Bodmin Moor also boasts two of the highest peaks in Cornwall – Rough Tor and Brown Willy – along with other Stonehenge-type monuments and circles, to name just a few attractions.
When is the best time of year to visit Cornwall?
If you’re looking for the best weather in Cornwall, then May and June actually have the most sunshine hours of all the months.
The warmest months are July and August but that’s also peak summer holiday season, and everything gets super booked up. So make sure that you look to book well in advance if you plan to try out a Cornwall itinerary over those months.
We personally love September! It’s quieter, but you can often still get cracking weather and if you are keen on swimming in the ocean, has slightly warmer seas than May & June thanks to the warming over the summer months.
So, what do you think about our 4 day Cornwall road trip itinerary? If you think we’ve missed off any must-visit spots off this Cornwall travel guide, then we’d love to hear from you in the comments below, or if you’d like any advice, drop us an email.
And once you’re back from your London to Cornwall road trip and explore the many London landmarks, we’ve also got some perfect quotes about London to light up your Insta feed.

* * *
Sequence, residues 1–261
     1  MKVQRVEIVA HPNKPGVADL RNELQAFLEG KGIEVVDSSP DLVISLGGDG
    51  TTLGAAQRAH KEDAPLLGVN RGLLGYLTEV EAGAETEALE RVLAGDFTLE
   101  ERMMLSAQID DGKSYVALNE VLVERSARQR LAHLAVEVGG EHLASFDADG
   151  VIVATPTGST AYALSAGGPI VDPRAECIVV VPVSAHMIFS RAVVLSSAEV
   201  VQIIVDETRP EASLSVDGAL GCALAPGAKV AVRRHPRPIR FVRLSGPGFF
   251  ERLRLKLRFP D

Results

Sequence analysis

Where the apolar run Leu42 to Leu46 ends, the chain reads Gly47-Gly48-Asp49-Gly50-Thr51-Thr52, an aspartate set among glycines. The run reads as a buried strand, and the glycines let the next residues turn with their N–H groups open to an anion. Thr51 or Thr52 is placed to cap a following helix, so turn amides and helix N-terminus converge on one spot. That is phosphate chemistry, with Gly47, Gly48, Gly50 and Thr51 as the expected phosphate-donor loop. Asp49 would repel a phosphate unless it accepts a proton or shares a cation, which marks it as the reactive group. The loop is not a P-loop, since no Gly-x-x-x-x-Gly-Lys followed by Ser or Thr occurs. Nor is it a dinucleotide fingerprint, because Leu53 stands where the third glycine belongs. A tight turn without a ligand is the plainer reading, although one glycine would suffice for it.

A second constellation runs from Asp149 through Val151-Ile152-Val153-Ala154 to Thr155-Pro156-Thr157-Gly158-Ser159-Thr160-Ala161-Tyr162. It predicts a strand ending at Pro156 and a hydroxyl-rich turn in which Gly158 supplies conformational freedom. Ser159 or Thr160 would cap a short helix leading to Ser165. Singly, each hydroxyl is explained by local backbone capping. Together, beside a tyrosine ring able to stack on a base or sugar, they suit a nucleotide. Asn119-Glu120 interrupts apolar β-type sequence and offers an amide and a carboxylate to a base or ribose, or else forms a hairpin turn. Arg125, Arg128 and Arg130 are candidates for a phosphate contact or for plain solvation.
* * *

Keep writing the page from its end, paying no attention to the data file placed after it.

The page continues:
What to pack for your Cornwall trip
Just in case you are considering camping, but you haven’t been that often (or maybe it’s your first time), here are a few things that you’ll definitely need!
- Get yourself a decent tent, and make sure you know how to put it up – we saw a number of people struggling and taking hours to set up their tents. If you’re a couple, have a 3-man tent so you have a bit more room. We love our Coleman Coastline tent as it’s super easy to put up but will stand up to pretty strong winds (we had 35 mph gusts on our last outing and still managed some good sleep).
- It’s essential to have comfy sleeping bags, and a good inflatable mat will do wonders for your sleep, but a top tip is to take your own pillows – so much more comfy.
- A couple of decent foldable chairs so you can sit comfortably around a campfire or your BBQ – we take a small BBQ and a gas cooker for that mandatory morning cuppa.
- A torch is essential, but a head torch even more so…
- Pots & pans, pen knife, cutlery, black bags, kitchen towels, washing up stuff, toilet roll etc…
- And lastly, have a great cool box and ice packs. A lot of campsites boast facilities to re-freeze these, so you can keep your food fresh for a number of days.
Frequently Asked Questions
Which sights should a first time visitor to Cornwall see?
A first-timer to Cornwall should definitely make time to see St Michael’s Mount, the Minack Theatre, the Eden Project, Land’s End and Tintagel Castle.
How far is Cornwall from London?
The distance from London to Cornwall is approximately 261 miles or 421 kilometres.
How long is the drive from Cornwall to London?
Driving from London to Cornwall along A303 and A30 is approximately 5 hours without stops.
What are the best places to stop on the way to Cornwall?
This depends on your route, but you could add Stonehenge and the Glastonbury Tor. If you decide to take the coastal road, check out Lulworth Cove and Durdle Door in Dorset.
Want to save this for later? Why not pin it…